I started with a user control, but then just made a custom control of type InkToolbarCustomPenButton. I could customize the content of each of these controls to match the default inktoolbar buttons. To find these symbols I used the awesome app Character Map UWP by Edi Wang (Store Link HERE). I needed the tool outline, the tip and top color, and the background fill.

I bound the fill of the tip and top color to the SelectedBrush property of the InkToolbarCustomPenButton. Then I bound the background fill to the background of the InkToolbarCustomPenButton. This is so when the size shape is big enough it won’t make the tool icon look transparent.

17 Resize Pens

For the size representation, pen and pencil use an ellipse and highlighter uses a rectangle which the fill is bound to the SelectedBrush property and the height and width both bound to SelectedStrokeWidth. With oneway binding the shape would change color and size as the user adjusted the pen options.

Now when the users clicks “New Pen” an instance of my custom control is created and added to the inktoolbar. Simple. Users could add as many pens as they wish. They are in a scrollviewer so they can all be seen with a quick flick.

Next is the challenge of saving and loading this custom gallery each time the app loads.

Joe

The Custom Pen Gallery: Part 1

In UWP there is a control called the InkToolbar. This is a control which binds to an InkCanvas and is an easy way for users to change the type, size, and color of their inking. Ink Calendar has used this control from day one but now it is getting some attention.

The UWP version of OneNote has a pen gallery instead of the standard InkToolbar control. This enables users to set several pens and easily switch between them, without tediously changing each attribute every time. I wanted to bring the same experience to Ink Calendar because I found myself using a only few different pens while planning my time. One was a medium thickness gray pen for crossing out days. One was a thin blue pen for writing down appointments. And finally one was a highlighter for blocking out chunks of days.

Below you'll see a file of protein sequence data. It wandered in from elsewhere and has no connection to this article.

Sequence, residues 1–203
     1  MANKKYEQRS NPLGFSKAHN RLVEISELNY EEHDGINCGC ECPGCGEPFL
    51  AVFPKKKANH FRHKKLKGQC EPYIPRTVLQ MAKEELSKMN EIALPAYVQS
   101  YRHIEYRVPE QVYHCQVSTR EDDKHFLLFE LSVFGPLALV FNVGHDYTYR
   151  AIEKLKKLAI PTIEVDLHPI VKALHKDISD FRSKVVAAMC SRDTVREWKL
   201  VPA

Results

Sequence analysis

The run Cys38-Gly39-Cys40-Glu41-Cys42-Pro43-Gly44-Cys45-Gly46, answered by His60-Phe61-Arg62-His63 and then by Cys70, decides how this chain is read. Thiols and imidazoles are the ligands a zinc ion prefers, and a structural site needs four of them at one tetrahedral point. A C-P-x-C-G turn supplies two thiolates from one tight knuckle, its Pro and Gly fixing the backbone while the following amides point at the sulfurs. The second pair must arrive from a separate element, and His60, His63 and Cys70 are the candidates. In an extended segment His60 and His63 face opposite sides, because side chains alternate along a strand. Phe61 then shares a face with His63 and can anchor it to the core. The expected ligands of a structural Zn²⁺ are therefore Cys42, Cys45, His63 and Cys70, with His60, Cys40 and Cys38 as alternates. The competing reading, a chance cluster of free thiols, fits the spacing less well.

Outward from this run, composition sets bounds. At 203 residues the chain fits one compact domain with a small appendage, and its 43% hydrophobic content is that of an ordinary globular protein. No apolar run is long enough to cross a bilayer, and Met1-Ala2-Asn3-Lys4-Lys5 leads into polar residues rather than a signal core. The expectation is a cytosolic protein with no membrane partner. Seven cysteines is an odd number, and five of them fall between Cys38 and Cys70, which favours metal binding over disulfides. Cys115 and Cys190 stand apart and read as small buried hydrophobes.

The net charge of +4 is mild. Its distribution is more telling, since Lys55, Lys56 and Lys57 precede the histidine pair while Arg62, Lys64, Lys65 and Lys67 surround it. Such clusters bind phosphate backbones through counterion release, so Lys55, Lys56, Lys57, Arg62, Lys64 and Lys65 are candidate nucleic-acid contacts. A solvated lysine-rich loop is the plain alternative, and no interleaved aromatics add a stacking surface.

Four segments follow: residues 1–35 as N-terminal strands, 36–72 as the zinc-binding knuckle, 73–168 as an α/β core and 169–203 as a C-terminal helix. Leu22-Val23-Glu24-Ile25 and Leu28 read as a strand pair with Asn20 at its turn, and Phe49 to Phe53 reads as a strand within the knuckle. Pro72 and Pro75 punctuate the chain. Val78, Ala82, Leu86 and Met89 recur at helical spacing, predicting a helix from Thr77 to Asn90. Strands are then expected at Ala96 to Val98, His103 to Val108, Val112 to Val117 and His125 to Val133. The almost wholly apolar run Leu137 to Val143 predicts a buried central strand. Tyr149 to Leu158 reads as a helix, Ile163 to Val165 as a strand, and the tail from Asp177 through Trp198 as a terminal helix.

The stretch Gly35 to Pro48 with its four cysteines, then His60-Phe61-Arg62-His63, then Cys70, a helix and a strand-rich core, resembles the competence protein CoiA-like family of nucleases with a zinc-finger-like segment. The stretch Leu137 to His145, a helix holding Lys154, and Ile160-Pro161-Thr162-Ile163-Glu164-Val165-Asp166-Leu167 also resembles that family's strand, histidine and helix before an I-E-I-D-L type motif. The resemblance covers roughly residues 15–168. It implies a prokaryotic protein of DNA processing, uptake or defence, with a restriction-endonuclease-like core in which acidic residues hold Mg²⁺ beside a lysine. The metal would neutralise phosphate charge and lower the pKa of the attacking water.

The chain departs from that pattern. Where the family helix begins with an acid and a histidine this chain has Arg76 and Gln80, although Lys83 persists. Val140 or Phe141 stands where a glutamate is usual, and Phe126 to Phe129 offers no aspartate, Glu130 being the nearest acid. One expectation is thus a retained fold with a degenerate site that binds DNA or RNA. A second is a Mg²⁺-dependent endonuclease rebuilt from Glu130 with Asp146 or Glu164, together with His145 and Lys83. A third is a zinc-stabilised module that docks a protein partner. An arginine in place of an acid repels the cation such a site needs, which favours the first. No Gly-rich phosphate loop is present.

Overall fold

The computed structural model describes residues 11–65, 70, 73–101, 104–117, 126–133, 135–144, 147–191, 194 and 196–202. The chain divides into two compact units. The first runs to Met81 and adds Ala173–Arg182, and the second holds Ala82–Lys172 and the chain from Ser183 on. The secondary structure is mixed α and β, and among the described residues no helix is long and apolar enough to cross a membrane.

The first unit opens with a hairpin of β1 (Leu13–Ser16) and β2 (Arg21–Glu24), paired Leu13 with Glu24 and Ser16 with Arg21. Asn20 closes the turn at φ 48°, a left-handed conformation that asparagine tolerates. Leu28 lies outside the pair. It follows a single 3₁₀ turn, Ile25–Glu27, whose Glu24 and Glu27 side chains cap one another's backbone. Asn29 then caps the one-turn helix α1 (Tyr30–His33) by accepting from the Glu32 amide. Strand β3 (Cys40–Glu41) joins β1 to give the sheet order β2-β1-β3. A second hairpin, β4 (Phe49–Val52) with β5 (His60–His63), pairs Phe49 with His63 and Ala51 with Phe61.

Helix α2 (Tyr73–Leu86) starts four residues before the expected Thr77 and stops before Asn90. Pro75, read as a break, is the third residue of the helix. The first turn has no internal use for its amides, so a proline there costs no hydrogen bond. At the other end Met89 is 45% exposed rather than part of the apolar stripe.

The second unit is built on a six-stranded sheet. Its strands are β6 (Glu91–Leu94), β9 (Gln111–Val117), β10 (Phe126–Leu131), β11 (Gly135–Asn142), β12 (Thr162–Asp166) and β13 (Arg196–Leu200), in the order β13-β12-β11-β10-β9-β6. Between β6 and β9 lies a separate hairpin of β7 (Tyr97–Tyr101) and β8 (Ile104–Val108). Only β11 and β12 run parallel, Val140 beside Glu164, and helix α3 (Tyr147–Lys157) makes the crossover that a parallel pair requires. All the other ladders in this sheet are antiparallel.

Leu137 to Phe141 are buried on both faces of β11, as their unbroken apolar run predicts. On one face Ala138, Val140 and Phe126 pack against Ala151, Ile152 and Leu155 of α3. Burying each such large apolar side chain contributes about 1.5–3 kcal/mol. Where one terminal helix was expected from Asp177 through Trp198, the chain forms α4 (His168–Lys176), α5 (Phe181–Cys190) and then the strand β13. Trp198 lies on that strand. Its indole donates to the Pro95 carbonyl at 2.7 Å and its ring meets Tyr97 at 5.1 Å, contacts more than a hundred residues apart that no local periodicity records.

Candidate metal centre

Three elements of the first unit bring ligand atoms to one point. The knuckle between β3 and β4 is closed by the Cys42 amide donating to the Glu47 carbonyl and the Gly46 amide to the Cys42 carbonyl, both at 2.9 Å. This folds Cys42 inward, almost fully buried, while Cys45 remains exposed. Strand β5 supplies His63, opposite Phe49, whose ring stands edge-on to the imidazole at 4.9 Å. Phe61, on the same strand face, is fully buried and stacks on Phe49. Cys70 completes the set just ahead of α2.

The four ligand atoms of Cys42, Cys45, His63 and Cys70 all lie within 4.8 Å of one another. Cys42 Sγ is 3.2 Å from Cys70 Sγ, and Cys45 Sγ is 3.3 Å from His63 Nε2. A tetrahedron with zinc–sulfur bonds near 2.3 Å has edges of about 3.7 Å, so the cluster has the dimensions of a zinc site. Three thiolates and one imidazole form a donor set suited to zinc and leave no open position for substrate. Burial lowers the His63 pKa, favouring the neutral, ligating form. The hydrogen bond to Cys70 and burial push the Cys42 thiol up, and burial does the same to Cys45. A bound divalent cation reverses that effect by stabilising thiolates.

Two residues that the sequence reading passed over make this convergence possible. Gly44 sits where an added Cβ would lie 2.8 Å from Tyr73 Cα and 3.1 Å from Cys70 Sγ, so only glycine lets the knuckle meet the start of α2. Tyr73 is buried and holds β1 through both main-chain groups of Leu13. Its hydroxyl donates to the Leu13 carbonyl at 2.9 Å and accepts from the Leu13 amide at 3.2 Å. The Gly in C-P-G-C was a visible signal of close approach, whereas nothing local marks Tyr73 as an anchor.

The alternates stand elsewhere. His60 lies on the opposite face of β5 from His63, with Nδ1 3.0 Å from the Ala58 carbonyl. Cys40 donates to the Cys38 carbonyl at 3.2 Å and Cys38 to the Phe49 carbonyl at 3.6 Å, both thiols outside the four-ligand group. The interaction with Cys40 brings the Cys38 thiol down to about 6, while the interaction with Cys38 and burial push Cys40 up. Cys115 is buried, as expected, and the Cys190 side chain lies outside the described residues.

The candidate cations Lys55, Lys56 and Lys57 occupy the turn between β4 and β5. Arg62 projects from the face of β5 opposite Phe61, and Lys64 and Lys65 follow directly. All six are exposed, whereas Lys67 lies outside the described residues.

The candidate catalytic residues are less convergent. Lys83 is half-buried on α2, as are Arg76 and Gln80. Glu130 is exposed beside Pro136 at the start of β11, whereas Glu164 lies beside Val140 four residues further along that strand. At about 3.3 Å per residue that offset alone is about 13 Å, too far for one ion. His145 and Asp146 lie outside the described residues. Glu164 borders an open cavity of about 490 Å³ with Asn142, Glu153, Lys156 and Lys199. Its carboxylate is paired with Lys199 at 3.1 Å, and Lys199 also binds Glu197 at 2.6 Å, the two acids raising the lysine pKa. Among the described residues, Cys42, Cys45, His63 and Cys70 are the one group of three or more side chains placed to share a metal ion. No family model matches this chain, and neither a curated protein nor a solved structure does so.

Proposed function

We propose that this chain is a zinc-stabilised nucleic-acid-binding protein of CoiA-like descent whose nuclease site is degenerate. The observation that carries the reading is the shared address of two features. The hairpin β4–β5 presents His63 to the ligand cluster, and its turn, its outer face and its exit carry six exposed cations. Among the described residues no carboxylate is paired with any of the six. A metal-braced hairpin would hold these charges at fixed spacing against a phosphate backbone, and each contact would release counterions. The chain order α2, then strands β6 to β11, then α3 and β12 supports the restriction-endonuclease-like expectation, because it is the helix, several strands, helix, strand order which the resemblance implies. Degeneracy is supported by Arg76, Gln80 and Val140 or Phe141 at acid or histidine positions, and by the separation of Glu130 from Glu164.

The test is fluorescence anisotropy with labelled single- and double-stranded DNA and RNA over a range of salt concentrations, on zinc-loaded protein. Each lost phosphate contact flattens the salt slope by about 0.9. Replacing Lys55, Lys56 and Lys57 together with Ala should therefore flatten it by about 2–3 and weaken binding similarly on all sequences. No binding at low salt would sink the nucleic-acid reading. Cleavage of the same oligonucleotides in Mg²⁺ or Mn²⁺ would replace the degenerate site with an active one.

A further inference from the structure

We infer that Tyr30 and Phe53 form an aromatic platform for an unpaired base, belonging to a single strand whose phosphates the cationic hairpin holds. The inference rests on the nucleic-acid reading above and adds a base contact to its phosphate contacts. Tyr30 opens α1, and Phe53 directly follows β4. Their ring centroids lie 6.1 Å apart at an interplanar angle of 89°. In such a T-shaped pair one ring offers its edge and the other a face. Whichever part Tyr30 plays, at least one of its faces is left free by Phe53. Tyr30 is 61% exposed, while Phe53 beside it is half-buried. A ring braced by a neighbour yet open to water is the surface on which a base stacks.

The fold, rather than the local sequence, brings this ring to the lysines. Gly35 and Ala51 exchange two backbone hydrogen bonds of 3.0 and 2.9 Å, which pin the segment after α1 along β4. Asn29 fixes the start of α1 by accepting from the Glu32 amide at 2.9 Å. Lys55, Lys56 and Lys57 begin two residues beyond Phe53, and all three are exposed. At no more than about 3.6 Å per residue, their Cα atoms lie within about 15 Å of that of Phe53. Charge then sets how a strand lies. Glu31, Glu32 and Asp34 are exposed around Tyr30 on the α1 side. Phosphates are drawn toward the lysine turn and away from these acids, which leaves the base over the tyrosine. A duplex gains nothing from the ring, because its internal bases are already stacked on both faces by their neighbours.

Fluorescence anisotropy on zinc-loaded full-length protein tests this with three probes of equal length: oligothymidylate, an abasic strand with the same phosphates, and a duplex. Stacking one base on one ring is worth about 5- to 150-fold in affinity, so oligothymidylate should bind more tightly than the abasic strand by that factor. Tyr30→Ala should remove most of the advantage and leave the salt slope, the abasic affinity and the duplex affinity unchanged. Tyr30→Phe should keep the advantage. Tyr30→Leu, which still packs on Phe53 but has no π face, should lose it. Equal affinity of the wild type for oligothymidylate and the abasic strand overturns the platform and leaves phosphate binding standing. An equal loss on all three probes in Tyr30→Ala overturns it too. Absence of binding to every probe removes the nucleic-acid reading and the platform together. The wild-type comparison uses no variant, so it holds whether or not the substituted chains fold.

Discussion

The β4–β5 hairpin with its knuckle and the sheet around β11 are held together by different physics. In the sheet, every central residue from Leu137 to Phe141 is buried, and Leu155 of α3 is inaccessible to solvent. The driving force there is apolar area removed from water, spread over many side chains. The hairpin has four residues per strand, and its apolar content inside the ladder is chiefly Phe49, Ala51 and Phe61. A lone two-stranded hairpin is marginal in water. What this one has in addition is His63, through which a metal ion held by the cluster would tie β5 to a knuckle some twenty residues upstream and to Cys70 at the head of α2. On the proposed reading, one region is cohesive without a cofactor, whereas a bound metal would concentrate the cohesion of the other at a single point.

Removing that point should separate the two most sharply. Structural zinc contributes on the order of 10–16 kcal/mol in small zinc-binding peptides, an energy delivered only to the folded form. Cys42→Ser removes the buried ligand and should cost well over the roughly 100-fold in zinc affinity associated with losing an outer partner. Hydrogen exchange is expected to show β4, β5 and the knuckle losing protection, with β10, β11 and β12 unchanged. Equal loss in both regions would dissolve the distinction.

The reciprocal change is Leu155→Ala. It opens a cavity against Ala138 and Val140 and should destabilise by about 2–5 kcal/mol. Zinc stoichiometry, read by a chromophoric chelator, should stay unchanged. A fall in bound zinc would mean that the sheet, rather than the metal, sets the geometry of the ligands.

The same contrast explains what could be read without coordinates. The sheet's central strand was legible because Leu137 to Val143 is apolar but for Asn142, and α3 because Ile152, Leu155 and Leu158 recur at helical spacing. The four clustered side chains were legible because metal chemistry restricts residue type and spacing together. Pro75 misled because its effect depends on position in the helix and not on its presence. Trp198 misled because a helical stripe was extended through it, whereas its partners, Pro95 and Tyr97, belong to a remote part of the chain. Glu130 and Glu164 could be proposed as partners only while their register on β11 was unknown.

There where four key elements to making my custom pen gallery in the InkToolbar.

  1. Custom Pens
  2. Custom Pen Button
  3. Saving the gallery
  4. Editing the gallery

To make this control I had to create custom pens for the Ballpoint Pen, Highlighter, and Pencil. You cannot add more than one standard tool to the InkToolbar, you must make them InkToolbarCustomToolButtons. Each type of InkToolbarCustomToolButton requires its own InkToolbarCustomPen to define how the ink will display when that tool is active.

protected override InkDrawingAttributes CreateInkDrawingAttributesCore(Brush brush, double strokeWidth)
{
      InkDrawingAttributes inkDrawingAttributes = new InkDrawingAttributes
      {
          PenTip = PenTipShape.Circle
      };
      SolidColorBrush solidColorBrush = brush as SolidColorBrush;
      inkDrawingAttributes.Color = solidColorBrush?.Color ?? Colors.Red;
      inkDrawingAttributes.DrawAsHighlighter = false;
      inkDrawingAttributes.Size = new Windows.Foundation.Size(strokeWidth * 0.5, strokeWidth * 0.5);
      return inkDrawingAttributes;
}

I made three custom pens: ballpoint pen, highlighter, and pencil. I could have chosen to make the highlighter tip shape round instead of rectangular like the standard InkToolbar highlighter, but I decided to keep it consistent to how it has been. I could still add a new pen like a highlighter but more of a marker with a round tip.

Once I had all the custom pens I needed I started working on the InkToolbarCustomToolButtons. These controls inherit from InkToolbarCustomPenButton which enables them to be added into an InkToolbar. These buttons started simple but I made them a little more complex than the standard.

Up next… the InkToolbarCustomPenButton XAML.

Joe